D is for Duodji

Anessa Andersland is the guest writer for this post. Anessa is the North American marketing agent for  ČálliidLágádus / Authors’ Publisher, a Sámi  publishing company. She helps coordinate our annual Sámi Day at Ingebretsen’s, which is this coming Saturday. In this post, she will explain some of what you’ll see there. 

Duodji (doy – gee): the Sámi name for handcrafted items made by the Sámi with both an aesthetic value and a practical use. This long tradition uses materials derived from nature such as reindeer hide and antler, wood, and wool.   Duodji items include clothing, accessories, household items, and tools.

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Before and after: A tenntrådsbroderi cuff bracelet made by Nils Gransberg.

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As a reflection of a living culture, duodji interprets the Sámi way of life, the traditional patterns, colors, and shapes are presented in both old and new ways. Sámi handicraft utilizes both the old traditional methods while fully using new technologies when applicable. “It represents cultural continuity with our ancestors.” Author Ellen Marie Jensen states, “There are creative and functional adaptations over time, and the individual duojar has room for individual creative expression. Duodji is both functional and beautiful.”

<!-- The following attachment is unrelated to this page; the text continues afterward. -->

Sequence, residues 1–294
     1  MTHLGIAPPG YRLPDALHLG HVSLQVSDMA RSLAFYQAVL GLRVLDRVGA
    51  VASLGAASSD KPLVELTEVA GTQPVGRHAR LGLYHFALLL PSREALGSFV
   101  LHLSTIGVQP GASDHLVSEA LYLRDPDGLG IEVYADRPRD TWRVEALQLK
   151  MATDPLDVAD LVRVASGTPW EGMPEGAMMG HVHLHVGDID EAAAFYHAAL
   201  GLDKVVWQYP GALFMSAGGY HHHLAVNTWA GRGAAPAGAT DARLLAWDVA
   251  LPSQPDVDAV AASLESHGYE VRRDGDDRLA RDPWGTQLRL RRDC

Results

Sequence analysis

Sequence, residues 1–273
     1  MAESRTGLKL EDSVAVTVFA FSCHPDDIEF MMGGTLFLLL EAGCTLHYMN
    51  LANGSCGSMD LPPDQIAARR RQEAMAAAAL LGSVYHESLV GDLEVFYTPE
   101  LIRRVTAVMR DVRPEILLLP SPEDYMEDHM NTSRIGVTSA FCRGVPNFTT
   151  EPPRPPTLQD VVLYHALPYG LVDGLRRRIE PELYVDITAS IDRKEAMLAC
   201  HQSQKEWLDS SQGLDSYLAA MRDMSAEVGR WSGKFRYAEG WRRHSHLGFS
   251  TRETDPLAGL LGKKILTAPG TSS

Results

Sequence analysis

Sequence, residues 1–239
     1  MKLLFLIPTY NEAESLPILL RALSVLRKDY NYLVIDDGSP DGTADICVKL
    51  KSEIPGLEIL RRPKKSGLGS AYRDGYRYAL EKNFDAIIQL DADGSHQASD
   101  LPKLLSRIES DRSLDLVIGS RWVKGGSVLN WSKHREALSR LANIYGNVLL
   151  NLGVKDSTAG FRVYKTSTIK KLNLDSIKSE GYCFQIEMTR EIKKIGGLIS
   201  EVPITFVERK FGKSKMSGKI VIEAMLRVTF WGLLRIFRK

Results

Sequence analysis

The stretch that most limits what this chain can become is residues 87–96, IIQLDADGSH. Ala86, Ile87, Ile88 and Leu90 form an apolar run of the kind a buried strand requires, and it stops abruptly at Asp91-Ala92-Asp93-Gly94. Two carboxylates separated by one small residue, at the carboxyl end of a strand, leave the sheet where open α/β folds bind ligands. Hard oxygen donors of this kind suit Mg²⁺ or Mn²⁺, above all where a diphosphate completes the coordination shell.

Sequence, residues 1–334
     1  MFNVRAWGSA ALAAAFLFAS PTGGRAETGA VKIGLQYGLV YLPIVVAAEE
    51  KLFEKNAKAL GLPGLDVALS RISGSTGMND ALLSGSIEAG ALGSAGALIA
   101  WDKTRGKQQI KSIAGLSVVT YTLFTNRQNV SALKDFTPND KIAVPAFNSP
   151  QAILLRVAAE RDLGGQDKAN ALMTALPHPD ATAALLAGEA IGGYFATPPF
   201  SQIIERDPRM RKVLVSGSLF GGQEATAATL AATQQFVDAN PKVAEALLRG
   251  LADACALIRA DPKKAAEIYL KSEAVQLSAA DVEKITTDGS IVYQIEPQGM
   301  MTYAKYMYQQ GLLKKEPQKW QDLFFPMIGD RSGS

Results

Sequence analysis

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Tanned fish skin can also be used for duodji.  This skin was shown by Diane Noble of Ingebretsen’s Stockholm, WI.

 

Duodji represents the artistry and style of the duojar, (the duodji artist) and in the case of clothing called gakti, the region that the wearer’s family is from.

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Ellen Marie Jensen wears a gakti called “Loppa kofta” in Norwegian. It’s the coastal Sami gakti representing the Kvænungen, Loppa, and Alta municipalities of Northern Troms and Finnmark provinces. The detailing on the shoulders and cuffs is similar to other coastal designs, but the yellow zig-zag is its distinctiveness.

In the United States, members of the Sámi Siida of North America (SSNA) are taking up a variety of duodji. Many knit and hand sew, some, such as Nils Gransberg of Oklahoma, practice tenntrådsbroderi, an intricate metal embroidery. Minneapolis resident Ed Kopietz works with wood. One of his recent projects features cherry wood from a fellow SSNA member’s yard.

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In progress: Ed Kopietz’s cherry wood spoon

Once again, the SSNA will meet at Ingebretsen’s for our Annual Sámi Day on December 5th, from 11am – 3pm.  We will be gathering to visit and some of us will practice some duodji. Stop by for a cup of coffee and say hello!

 

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